Each year, more and more people are diagnosed with skin cancer, a condition where skin cells grow abnormally. The most common cause of skin cancer is sun exposure though malignant moles and spots can develop in areas not normally exposed to sunlight. Read on for other facts you need to know regarding skin cancer and why a mole check is important for everybody.

mole check

What do Cancerous Moles Look Like?

Any mole or spot on your skin with one or more of the following symptoms have a possibility of becoming or being cancerous:

  • Isn’t symmetrical
  • Has more than one color shade
  • Is scaly or flaky
  • Has a shiny, waxy, or scar-like appearance
  • Have irregular borders
  • Bleeds
  • Suddenly changes in size, color, and texture

Where Can I Get a Mole Check?

There are hospitals and clinics where dermatologists can inspect the moles all over your body. Most doctors accept walk-ins though it is best to phone ahead of time. Some places, like the skin clinic Annerley in Australia, can book you online and accept appointments on the weekends.

How Often Do I Need to Go for a Skin Test?

Skin checks are important and must be done every year, for early detection and removal of moles and spots will greatly reduce your chances of getting skin cancer. However, visit your dermatologist right away if you see sudden changes in an existing mole, or observe a new one appear on your skin.

What Can I Expect from My Appointment?

You don’t need to bring anything for a skin test unless your doctor tells you otherwise. A good dermatologist will be able to detect suspicious-looking moles from normal ones, and sometimes they even go the extra mile and keep your records in order and set future appointments for you. Just relax and answer any questions regarding your moles that the doctor may ask.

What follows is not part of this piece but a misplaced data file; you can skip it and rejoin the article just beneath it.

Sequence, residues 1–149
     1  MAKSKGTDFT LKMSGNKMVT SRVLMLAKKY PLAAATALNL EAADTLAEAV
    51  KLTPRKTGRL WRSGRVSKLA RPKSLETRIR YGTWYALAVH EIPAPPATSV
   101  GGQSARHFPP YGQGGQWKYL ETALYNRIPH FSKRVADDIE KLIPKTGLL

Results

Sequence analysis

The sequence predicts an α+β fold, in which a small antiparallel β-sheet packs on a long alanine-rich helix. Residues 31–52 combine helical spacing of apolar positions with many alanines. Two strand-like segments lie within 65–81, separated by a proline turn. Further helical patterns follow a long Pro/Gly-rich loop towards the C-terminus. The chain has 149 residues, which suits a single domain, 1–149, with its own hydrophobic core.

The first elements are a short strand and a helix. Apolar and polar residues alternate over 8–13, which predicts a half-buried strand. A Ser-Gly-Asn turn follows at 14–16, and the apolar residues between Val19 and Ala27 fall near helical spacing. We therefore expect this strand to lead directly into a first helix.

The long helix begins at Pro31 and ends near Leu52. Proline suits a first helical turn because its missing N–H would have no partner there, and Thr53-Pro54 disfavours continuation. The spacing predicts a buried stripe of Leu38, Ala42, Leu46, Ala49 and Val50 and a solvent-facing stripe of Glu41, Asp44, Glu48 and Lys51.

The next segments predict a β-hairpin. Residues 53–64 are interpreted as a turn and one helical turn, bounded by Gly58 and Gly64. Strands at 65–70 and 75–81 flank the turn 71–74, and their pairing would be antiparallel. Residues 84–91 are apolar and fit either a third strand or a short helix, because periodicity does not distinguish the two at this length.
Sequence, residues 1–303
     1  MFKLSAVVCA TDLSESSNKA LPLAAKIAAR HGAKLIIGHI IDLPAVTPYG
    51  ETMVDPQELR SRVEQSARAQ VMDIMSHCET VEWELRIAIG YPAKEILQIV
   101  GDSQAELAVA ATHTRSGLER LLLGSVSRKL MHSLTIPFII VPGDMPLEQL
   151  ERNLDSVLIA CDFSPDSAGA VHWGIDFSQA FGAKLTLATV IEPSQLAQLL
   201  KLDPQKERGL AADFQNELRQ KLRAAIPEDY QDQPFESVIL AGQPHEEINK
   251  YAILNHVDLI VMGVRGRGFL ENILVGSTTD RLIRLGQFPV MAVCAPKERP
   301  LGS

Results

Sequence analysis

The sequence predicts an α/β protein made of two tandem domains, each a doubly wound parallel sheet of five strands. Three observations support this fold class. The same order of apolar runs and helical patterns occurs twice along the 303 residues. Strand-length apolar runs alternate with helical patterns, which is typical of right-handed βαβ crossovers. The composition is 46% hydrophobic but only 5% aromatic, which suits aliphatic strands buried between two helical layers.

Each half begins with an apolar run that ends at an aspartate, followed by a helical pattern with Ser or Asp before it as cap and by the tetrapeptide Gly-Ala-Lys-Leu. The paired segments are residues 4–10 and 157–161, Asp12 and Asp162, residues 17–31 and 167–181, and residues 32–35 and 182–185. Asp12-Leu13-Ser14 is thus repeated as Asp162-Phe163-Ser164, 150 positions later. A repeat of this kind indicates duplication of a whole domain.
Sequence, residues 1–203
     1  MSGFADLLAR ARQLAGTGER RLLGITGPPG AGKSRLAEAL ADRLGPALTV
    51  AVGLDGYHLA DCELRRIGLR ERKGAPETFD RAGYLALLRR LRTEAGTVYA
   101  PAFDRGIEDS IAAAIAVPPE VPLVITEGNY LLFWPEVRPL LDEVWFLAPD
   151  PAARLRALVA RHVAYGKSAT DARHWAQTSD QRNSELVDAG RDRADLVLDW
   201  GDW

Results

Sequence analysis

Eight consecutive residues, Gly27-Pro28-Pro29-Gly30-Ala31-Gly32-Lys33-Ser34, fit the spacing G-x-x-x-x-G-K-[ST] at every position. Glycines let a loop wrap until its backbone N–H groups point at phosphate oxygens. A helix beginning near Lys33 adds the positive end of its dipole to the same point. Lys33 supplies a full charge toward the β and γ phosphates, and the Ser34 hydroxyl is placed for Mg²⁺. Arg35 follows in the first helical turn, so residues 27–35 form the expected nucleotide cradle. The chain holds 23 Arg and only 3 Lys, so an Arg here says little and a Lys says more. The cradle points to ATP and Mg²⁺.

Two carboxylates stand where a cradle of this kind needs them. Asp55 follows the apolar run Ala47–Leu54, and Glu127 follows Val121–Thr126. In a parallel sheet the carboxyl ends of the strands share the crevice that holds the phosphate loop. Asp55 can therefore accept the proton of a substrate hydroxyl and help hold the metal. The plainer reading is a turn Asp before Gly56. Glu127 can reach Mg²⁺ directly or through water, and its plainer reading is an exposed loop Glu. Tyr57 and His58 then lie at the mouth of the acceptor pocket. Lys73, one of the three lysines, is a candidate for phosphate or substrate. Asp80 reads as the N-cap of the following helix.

What Happens During a Mole Removal Operation?

The doctor will clean your face first then cover your eyes with cotton pads to protect them from the bright lights needed for surgery. A numbing cream is often applied to the area surrounding the mole several minutes before anesthesia is injected to lessen the pain. The mole is then cut off and sutured, frozen via liquid nitrogen, or burnt off using electrically-charged wires pressed to the skin.

Once the mole is removed, the surgeon will apply a medicine to reduce the bleeding and keep the area free from infection. A bandage is then applied, and after that, you are free to go. Mole removal operations nowadays barely leave any scar behind, but to reduce risks of scarring, check out the Wendy Wey doctor tips for skin health at http://www.smartclinics.com.au/ and follow your doctor’s advice regarding cleanliness and the use of creams on the area.

You can prevent skin cancer by avoiding going out in midday heat as much as possible and wearing sunblock with at least SPF 15 every single day, even during winter or cloudy days. These steps, as well as going for a mole check every year, should help prevent skin cancer and keep you safe with early detection. Dr. Wendy Wey and the rest of their medical team are experts when it comes to skin health and cancer detection. You may visit their site at http://smartclinics.com.au/ for more details.

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